To achieve the second object, the present invention provides a method for transmitting OFDM signals, the method including: (a) encoding an input data sequence, and converting encoded data to parallel data; (b) dividing the encoded data into blocks of predetermined sizes and inserting “0” at the first position of each block; (c) transforming each block to which “0” is inserted, to a time domain signal, and combining the time domain signals; (d) transforming pilot tones, which are to be inserted at positions other than a predetermined position among the positions at which “0” has been inserted, into time domain pilot signals, and adding each of the pilot signals to the time domain signal of each block; and (e) converting the resultant signal of the step (d) to a serial signal, adding a cyclic prefix to the converted signal, converting the resultant signal to an analog signal, and transmitting the analog signal.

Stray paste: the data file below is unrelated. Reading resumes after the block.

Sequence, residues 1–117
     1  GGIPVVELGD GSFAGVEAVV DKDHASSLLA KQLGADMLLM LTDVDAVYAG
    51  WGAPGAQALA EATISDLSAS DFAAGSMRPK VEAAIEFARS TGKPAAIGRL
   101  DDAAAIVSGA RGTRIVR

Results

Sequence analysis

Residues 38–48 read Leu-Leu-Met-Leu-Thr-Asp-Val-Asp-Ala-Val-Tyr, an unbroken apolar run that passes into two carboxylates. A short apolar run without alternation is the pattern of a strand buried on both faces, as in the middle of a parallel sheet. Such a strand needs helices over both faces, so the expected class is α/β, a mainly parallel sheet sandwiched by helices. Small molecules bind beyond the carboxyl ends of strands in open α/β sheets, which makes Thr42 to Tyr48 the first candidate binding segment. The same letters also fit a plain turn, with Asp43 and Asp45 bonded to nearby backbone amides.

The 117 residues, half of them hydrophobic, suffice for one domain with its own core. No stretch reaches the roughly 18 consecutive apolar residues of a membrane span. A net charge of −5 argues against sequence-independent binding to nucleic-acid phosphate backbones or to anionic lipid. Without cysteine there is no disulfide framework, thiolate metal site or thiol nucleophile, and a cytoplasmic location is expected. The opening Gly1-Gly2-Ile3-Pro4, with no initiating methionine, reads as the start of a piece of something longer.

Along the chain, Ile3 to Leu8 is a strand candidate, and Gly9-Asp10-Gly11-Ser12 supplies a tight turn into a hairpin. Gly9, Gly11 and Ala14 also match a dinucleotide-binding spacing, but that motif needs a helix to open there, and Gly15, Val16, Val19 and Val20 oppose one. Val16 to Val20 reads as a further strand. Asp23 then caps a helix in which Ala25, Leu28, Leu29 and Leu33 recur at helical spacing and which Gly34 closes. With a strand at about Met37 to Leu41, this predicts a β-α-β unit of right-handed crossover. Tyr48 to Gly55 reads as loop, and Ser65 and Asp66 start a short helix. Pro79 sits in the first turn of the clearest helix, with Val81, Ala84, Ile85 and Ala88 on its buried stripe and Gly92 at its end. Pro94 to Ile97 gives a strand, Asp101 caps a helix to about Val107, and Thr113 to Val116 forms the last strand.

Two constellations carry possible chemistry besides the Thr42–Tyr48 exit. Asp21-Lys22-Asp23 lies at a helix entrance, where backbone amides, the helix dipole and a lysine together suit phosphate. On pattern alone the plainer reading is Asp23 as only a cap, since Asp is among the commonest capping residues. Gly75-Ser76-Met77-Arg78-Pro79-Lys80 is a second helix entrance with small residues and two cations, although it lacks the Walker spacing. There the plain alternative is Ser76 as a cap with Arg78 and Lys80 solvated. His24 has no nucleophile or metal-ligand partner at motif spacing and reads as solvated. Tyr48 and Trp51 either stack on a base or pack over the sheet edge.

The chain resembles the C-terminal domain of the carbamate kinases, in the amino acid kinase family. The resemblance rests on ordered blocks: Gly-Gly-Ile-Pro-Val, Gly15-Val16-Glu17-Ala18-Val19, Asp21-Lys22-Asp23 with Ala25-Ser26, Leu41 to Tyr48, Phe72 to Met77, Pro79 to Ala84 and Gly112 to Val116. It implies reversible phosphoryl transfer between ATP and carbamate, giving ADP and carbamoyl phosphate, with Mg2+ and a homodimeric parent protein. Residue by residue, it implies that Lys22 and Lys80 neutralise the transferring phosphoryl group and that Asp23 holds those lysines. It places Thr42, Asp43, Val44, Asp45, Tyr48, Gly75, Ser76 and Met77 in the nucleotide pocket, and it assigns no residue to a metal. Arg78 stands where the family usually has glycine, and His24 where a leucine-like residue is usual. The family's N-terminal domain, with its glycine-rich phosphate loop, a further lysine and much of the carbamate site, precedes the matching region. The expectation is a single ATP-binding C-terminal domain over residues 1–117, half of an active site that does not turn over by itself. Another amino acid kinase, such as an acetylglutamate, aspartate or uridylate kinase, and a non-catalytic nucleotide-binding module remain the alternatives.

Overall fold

To achieve the second object, the present invention provides a method of transmitting OFDM signals, the method including: (a) converting a received signal into a digital signal, removing a cyclic prefix from the digital signal, converting the resultant signal into parallel signals of predetermined sizes, and converting each parallel signal to a frequency domain signal; (b) inserting a virtual pilot tone at predetermined positions of the frequency domain signal and extracting the virtual pilot tone and pilot tones added upon transmission; (c) estimating channel characteristics from the extracted virtual pilot tone and pilot tones; (d) compensating for distortion caused by a channel with respect to the frequency domain signal, according to the estimated channel characteristics; (e) transforming a distortioncompensated signal into a time domain signal and removing pilot signals from the time domain signal; and (f) detecting transmission data by transforming the resultant signals of the step (e) to a frequency domain signal, and converting the detected transmission data to serial data and decoding the serial data.
The above objects and advantages of the present invention will become more apparent by describing in detail preferred embodiments thereof with reference to the attached drawings in which:
Referring to